Sometimes one font isn’t compelling enough to pique and hold the reader’s interest. The contrast between two fonts can attract the reader’s eye and help clarify the organization of the piece. For example, designers usually use a different font for body text—the text that forms the main body of the publication—than for headlines (also known as display text). The following rules will help you mix fonts successfully.

  • It’s a good idea to limit yourself to two font families in a small publication like the business card shown below. In a longer publication, use a maximum of three fonts. You won’t go wrong if you combine a serif font for body text with a sans serif bold for headings.

  • In one publication, don’t mix two serif fonts from two different families, two sans serif fonts, or two script fonts. If they’re similar enough, the mix can look like a mistake.

  • Play it safe. If you can’t decide whether fonts from two families look right together, use just one font family. Use a lighter weight for body text and a heavier, bold font at a larger size for display text.

As you gain experience mixing fonts, there will be times when you know you’ve broken the rules, but you like what you see anyway. Go with it! It means that you’ve developed your “eye” enough to create your own look.

The look of body text

As its name suggests, body text is the text that forms the main body of your publication. In a newsletter or a book, it’s the story. In a smaller publication, it’s everything that isn’t either a headline or special text like captions and fancy first letters.

Choosing a font for body text

First and foremost, body text must be readable. If the words aren’t readable, you’ve lost your audience. More subtly, pay attention to the emotional impact of the font. In the same way that background music in a movie affects the feeling you have about a scene, the font you choose for body text affects the mood of your publication and the response of your audience to it. Also, depending on how much you have to say and how much space you have to say it in, you might need to consider the compactness of the font. Once you’ve chosen a body font, stick with it throughout your publication; otherwise you can confuse your reader.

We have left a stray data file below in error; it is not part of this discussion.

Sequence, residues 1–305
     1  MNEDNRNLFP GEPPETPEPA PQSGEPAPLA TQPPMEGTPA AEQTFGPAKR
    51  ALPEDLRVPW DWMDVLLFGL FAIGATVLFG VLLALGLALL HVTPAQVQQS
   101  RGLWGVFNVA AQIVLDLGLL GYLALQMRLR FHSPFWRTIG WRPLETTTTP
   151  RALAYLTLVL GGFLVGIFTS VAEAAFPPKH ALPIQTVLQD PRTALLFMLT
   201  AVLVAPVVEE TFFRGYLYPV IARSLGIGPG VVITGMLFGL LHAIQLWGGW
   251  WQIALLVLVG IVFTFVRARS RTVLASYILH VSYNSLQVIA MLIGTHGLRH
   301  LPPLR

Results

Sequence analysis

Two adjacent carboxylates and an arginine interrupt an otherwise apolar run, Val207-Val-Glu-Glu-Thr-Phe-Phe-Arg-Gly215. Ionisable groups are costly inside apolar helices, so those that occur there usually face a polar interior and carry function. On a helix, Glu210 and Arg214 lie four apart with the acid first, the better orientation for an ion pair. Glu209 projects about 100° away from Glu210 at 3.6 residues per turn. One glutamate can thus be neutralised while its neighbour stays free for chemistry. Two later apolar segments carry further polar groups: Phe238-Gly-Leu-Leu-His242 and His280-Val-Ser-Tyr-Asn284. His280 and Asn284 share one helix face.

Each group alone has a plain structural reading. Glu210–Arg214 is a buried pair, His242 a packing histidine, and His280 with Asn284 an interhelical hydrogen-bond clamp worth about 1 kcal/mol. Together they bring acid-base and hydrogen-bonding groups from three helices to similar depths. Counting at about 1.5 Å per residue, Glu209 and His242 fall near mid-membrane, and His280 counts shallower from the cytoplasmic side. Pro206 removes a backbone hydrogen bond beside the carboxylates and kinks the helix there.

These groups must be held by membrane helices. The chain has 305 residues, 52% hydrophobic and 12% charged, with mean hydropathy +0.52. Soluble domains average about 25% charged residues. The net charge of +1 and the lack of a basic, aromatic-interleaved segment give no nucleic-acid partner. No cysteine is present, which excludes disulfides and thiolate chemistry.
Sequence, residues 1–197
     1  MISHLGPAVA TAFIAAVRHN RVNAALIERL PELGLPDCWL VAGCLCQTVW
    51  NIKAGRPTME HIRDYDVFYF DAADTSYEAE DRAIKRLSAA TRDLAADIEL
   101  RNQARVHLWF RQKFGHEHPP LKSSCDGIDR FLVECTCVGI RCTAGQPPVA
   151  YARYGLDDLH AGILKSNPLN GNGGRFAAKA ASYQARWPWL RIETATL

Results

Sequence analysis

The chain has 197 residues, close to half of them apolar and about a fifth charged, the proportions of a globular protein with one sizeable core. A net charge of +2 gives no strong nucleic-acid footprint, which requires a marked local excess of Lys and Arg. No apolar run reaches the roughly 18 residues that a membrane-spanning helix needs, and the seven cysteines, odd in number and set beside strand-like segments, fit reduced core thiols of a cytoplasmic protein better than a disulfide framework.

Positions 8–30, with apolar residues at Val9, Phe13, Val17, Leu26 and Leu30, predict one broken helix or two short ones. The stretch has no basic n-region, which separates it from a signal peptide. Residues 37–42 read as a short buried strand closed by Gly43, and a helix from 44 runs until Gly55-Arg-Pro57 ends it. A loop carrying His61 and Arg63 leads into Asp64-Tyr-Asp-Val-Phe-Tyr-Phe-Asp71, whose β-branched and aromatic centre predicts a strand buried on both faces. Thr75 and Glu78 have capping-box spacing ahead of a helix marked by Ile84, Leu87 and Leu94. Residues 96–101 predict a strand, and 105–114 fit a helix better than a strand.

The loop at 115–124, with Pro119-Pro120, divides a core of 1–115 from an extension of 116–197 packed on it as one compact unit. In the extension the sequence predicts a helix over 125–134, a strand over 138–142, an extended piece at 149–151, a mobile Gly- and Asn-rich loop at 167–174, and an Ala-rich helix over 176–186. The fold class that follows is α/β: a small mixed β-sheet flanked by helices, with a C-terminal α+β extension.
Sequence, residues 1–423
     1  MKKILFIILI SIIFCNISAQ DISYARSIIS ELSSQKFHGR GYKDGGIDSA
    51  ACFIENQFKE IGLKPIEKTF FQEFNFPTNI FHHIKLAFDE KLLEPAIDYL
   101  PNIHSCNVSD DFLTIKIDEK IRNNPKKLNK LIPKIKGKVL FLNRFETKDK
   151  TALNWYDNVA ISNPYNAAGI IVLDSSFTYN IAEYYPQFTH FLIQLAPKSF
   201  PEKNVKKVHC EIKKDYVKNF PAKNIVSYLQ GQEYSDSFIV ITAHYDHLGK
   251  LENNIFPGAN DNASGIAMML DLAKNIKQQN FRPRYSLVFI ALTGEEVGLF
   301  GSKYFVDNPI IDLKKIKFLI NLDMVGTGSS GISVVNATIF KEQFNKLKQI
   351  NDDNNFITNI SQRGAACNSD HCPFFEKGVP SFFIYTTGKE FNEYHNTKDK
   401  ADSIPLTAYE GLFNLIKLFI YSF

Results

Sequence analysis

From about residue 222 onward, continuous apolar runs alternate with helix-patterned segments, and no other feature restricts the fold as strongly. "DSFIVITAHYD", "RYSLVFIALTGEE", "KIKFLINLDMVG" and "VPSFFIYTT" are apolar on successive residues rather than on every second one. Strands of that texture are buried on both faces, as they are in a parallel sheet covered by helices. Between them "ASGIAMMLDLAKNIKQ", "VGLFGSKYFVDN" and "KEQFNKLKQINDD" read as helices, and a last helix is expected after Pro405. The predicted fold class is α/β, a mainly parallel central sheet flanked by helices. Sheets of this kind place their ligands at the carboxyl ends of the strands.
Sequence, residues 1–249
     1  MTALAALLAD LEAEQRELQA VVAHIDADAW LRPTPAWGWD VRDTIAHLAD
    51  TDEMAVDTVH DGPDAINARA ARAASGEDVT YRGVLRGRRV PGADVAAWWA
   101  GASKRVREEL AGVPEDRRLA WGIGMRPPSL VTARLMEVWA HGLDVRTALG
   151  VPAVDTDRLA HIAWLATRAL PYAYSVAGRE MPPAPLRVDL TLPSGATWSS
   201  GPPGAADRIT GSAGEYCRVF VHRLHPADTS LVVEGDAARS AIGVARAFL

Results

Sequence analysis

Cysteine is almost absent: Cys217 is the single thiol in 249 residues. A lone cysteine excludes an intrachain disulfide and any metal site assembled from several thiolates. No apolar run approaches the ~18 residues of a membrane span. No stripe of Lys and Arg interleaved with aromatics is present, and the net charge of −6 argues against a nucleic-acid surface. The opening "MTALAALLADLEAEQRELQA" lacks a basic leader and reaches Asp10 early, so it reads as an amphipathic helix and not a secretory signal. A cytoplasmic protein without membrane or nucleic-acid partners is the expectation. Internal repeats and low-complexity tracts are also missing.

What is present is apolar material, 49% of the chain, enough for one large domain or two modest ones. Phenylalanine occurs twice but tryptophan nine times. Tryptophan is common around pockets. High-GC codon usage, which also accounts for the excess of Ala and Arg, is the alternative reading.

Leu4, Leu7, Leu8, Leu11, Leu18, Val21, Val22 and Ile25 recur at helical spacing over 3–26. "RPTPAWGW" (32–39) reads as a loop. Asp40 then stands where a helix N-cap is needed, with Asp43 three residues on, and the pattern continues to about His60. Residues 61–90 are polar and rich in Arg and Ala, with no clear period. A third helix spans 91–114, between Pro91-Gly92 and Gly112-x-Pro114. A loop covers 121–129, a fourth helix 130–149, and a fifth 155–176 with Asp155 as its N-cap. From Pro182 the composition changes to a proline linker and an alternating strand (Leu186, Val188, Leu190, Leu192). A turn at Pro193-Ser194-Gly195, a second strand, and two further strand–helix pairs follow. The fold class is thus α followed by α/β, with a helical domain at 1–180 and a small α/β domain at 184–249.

We read words by their shapes and not letter by letter, so readable fonts are those that make it easy for the reader’s eye to scan words and lines—to read blocks of text. Serifs give words distinctive shapes that the eye recognizes more easily than it recognizes sans serif shapes. But blocks of sans serif text can be readable as body text, especially when given plenty of white space.

  • Don’t use script fonts or fonts meant for headlines. DON’T USE ALL CAPITAL LETTERS or all italics for body text. They can all be practically impossible to read at the smaller sizes of body text.

  • A medium-weight font—not too heavy and not too light—is most readable. If you have a text-intensive page, consider a light font like Goudy Old Style. If the text is sparse, use a dark font like Rockwell.

  • Consider the height of the lowercase letters (the “x-height,” as it’s known to typographers).

Why “x-height”? As shown in the illustration below, “x-height” refers to the main body height of the lowercase letters, excluding ascenders and descenders. But why “x”? Why not “c” or “s”? Because in the letter “x” all the terminals of the letter touch a line of measurement. Now you know!


You might not think of black text as having color. But black text combined with white space “colors” the page.

Consider the way the color feels to you and if that’s how you want your readers to feel. A light-colored body text has a soft, calm feeling; dark text is stronger and more emphatic. Take your printer into account, too—if it prints on the dark side, you can compensate by choosing a lighter font.

The “color” of a page is also affected by the space between the lines (known as leading, pronounced “ledding”). Add space between the lines to lighten the page and give it an airier feeling; decrease the line spacing to darken the page. [In Word, line spacing is adjusted in the Paragraph dialog.]


The number of characters per line varies from one font to another even when the same font size is specified. If you have a lot of information to fit into a small amount of space, choose a compact font.

Formatting body text

You can save yourself a lot of time and effort and easily keep the formatting consistent throughout your publication if you use text styles, particularly if your publication has more than a handful of pages.

Font size

Make all body text within a publication the same size—between 10 and 12 points is the norm; smaller text can be difficult to read. Obviously this doesn’t apply if your publication is a poster that’s meant to be read at a distance or a newsletter for people with low vision.

A quick lesson about points, picas, font sizes, and leading

When you’re working in Publisher, it’s helpful to understand typographic measurements and how they’re used. One inch (2.54 centimeters) can be broken down into points and picas, as follows:

  • One inch = 72 points

  • One inch = 6 picas (72 points ÷ 6 picas = 12 points to 1 pica)

It seems simple enough when you use these measurements to determine spacing between lines (leading)—you can easily use a point scale or a pica scale to measure and verify the number of points of spacing between lines on your hard copy.